“The neighborhood is 82 percent renters, and there’s a lot of need among renters for something like this,” Dernbach said.

Scott Hargarten, a renter who participates on LHENA committees, said some though the loan programs seemed very generous and that “we wanted to find a way to spread that out a little bit.”

“Some people did view it as a fairness issue,” Hargarten said.

While poverty rates are lower in the Wedge than the city as a whole, more than 18 percent of Wedge households report annual earnings that fall below federal poverty guidelines, according to the latest Census figures compiled by Minnesota Compass.

“There’s sort of a myth about Uptown that there aren’t low-income renters here, that it’s all fancy buildings on the Greenway,” Dernbach said.

She’s known neighbors in crisis, including a mother and son she often saw walking together to nearby Jefferson Community School. The family fell behind on rent for their Wedge apartment last year after one parent lost a job. They lost their apartment in September and ended up leaving the neighborhood just as the new school year got underway.

Dernbach said she ran into the mother several months later and learned that, after staying in hotels, they’d found a new place to live in Northeast. But she wondered if the neighborhood could have hung on to them.

“I don’t know what the magic number is,” she said. “I don’t know what would’ve helped.”

Hurdles ahead

It’s not that neighborhood organizations don’t spend their funds to benefit renters; some fund housing rights workshops and tenant organizing programs that help renters take on problem landlords, and loan programs for housing improvements are typically open to the owners of multi-unit dwellings. LHENA spends NRP dollars on street-lighting improvements, bicycle racks and parks projects that benefit all residents.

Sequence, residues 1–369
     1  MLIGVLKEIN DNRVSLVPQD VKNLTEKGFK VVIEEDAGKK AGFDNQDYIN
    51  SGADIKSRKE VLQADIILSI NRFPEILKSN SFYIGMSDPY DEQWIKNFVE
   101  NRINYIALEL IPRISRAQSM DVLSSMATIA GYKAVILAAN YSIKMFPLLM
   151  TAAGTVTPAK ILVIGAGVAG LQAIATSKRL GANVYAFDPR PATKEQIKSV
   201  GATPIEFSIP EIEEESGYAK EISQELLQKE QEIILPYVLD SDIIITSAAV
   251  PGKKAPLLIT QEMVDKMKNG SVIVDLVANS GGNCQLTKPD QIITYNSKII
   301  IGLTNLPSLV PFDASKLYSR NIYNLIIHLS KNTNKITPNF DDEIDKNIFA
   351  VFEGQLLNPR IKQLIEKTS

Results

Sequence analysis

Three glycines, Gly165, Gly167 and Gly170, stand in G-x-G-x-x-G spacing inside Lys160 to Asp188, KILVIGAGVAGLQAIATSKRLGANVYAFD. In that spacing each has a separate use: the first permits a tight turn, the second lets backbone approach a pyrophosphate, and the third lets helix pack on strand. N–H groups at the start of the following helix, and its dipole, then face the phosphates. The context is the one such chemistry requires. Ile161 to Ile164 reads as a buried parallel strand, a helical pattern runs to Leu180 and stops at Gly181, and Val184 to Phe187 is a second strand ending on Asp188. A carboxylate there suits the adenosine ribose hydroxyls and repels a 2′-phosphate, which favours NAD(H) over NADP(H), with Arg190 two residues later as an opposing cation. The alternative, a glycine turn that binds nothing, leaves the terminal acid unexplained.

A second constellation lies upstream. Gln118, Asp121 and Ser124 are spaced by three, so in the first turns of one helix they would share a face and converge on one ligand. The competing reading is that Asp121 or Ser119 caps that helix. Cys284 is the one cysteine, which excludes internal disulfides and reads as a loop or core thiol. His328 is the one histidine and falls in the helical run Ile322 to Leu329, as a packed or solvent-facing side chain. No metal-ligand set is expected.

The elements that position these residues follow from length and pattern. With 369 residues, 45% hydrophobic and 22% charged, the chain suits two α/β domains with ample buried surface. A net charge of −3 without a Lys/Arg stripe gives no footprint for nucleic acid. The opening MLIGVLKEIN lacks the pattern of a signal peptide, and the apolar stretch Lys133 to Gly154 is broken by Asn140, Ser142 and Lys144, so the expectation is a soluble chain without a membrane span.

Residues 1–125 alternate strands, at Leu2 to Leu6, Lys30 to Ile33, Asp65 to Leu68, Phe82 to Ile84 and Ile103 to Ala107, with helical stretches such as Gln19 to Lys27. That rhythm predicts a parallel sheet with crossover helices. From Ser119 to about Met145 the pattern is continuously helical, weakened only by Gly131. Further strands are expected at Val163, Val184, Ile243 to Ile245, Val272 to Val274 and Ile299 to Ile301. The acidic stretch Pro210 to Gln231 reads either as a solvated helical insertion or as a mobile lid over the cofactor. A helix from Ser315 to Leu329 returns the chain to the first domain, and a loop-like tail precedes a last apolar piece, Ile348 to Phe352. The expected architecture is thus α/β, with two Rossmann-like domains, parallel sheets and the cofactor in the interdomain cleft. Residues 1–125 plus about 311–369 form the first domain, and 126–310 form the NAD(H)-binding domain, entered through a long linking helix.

“It’s really hard to characterize what the neighborhoods are doing for renters just by looking at the housing programs,” Robert Thompson, the neighborhood support manager for the Neighborhood and Community Relations department, said.

But what LHENA is proposing is an entirely new type of aid of renters, at least in the history of the NRP program. Thompson said their proposal, which hadn’t yet been sent to his office for review, was “not something that we’ve really seen before.”

Nate Phelps of the Center for Energy and the Environment, the nonprofit that administers LHENA’s loan programs, said he believes in the idea but is concerned about safeguarding the neighborhood’s fund.

“I don’t know how you figure out who gets that money without it being taken advantage of,” Phelps said.

LHENA’s NRP Committee still has to wrestle with some very tough details, including setting up a process for reviewing claims. It has to be quick enough to actually help in an emergency.

“That really is the tricky part, is being clear about the eligibility so we don’t have to make a lot of judgment calls,” Harrington, the committee chair, said.